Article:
Alleged Would Be Terrorist Thwarted At Every Turn

By Richard Serrano for The Los Angeles Times

Abdel Hameed Shehadeh, according to the FBI, traveled the world in search of jihad. But Pakistan turned him away, and Jordan did too. He tried to get into Somalia, but U.S. authorities placed him on the no-fly list. An American citizen, he visited an army recruiting station in New York’s Times Square hoping to be sent to Iraq; they did not want him either.

So, the FBI said, the 21-year-old born and raised in New York created websites and posted threats of radical Islamic violence, including one from another American expatriate, Anwar al Awlaki. Then Shehadeh flew to Hawaii and allegedly started taking target practice.

FBI agents said he wanted to join a jihadist group to learn “guerilla warfare and bomb-making.” Had he been welcomed into the U.S. army, they said, his plan was to defect in Iraq and turn against his comrades.

Shehadeh’s journeys ended last Friday. He was arrested in Honolulu and accused in a federal criminal complaint, unsealed Monday, of making false statements in an international terrorism case.

For two and a half years federal officials followed his travels, tracked his websites and enlisted help from his grade school friends. On Tuesday they singled him out as someone much like Awlaki — eager to forfeit his U.S. citizenship for a life of jihad.

Florence T. Nakakuni, the U.S. attorney in Hawaii, said the investigation covered “a six-hour time difference and 5,000 miles.” In New York, FBI assistant director Janice K. Fedarcyk said “stopping one prospective terrorist can prevent untold numbers of casualties.”

Shehadeh faces up to eight years in prison. His Hawaiian attorney, Matthew Winter, said he “wants to return as soon as possible to New York and face the charges there.”

He is slightly built, thin and clean-shaven. He does not evoke the image of an angry Islamic radical. But his arrest comes during a heightened alert over threats from homegrown terrorists.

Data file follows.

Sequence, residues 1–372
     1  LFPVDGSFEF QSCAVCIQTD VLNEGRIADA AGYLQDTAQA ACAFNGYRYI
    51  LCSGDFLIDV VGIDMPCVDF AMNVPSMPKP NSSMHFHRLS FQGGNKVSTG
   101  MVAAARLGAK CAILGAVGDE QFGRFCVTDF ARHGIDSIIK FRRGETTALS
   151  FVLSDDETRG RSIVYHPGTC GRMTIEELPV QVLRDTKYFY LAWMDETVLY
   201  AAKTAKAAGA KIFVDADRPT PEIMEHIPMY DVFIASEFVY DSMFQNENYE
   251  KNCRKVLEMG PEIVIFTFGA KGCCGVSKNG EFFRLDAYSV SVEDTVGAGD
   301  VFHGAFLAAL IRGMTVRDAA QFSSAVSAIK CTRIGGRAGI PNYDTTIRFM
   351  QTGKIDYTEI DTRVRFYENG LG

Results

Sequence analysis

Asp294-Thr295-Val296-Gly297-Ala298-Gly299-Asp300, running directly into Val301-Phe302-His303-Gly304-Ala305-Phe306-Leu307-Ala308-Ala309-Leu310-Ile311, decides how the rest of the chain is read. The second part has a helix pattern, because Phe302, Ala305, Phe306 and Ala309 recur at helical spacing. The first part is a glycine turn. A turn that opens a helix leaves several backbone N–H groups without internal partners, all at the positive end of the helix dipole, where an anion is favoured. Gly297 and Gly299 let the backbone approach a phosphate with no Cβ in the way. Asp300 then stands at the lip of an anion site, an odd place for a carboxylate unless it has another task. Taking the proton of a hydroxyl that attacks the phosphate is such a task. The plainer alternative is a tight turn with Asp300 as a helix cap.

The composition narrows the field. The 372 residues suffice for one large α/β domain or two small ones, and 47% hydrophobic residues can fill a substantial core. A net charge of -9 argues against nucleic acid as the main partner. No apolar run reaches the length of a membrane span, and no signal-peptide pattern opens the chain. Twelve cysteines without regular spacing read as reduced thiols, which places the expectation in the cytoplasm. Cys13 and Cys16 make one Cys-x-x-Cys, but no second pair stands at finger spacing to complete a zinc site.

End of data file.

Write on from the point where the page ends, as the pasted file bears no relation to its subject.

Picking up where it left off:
“My brothers of revolutionary Islam, I am with you as long as you keep struggling,” Shehadeh allegedly posted on his website. “Trust me there are many brothers and sisters in America that are ready to speak up. They just need a push.”

He first drew the eye of FBI agents in June 2008 for signing into the online Expedia travel agency and purchasing a one-way ticket to Pakistan. A New York detective interviewed him at the airport; Shehadeh said he was going to Pakistan to attend an Islamic school there.

Customs and Border Patrol searched his checked baggage. They found a sleeping bag, toiletries, three books and two changes of clothes. When the plane landed at Islamabad, he was not allowed in.

According to the FBI, he created his own websites. One highlighted the “Benefits of Jihad in Our Times.” Another ran speeches from al Awlaki. A third, titled “civiljihad,” included warnings dripping in blood.

He visited the recruiting station at Times Square in October 2008, according to the complaint. The army turned him away because he failed to disclose his trip to Pakistan. Two weeks later he flew to Jordan, but the authorities would not let him in.

The FBI developed two confidential informants who were boyhood classmates of Shehadeh. The agents said they learned Shehadeh wanted American Muslims to travel to Muslim countries and fight against the U.S. He allegedly told them he wanted to die a martyr, that there were “no more excuses” for avoiding jihad. He spoke of an afterlife with 72 virgins.

In June 2009 he purchased a ticket to Dubai. Again FBI agents said they interviewed him; he told them his destination was Somalia. But now he was on the no-fly list; he could not even leave the U.S.

He went to Hawaii. In October 2009, he visited the SWAT Gun Club, and practiced firing an M-16 assault rifle, .45 caliber and 9 mm semi automatic pistols, and a .44 caliber Magnum revolver. Last April, he again spoke to the FBI. The conversation turned to why U.S. muslims become radicalized. The agents said Shehadeh told them, “take my story for example.”

Pakistanis for Peace Editor’s NoteDeranged individuals such as Abdel Hameed Shehadeh, Faisal Shahzad, and Nidal Malik Hasan do not deserve American citizenship and all the freedoms and privileges it entails. The US government must remain vigilant and suspicious of anyone who espouses treasonous acts against the republic and its interests regardless of their race, ethnicity, citizenship, religion or any other identifying characteristic. It is our hope that the Obama administration will continue to remain proactive and alert in apprehending and stopping all individuals who pose danger to the country and patriotic Muslim Americans must continue to do more to assist the nation in keeping safe.

Advertisements
  1. No trackbacks yet.

Leave a Reply

Fill in your details below or click an icon to log in:

WordPress.com Logo

You are commenting using your WordPress.com account. Log Out / Change )

Twitter picture

You are commenting using your Twitter account. Log Out / Change )

Facebook photo

You are commenting using your Facebook account. Log Out / Change )

Google+ photo

You are commenting using your Google+ account. Log Out / Change )

Connecting to %s

%d bloggers like this: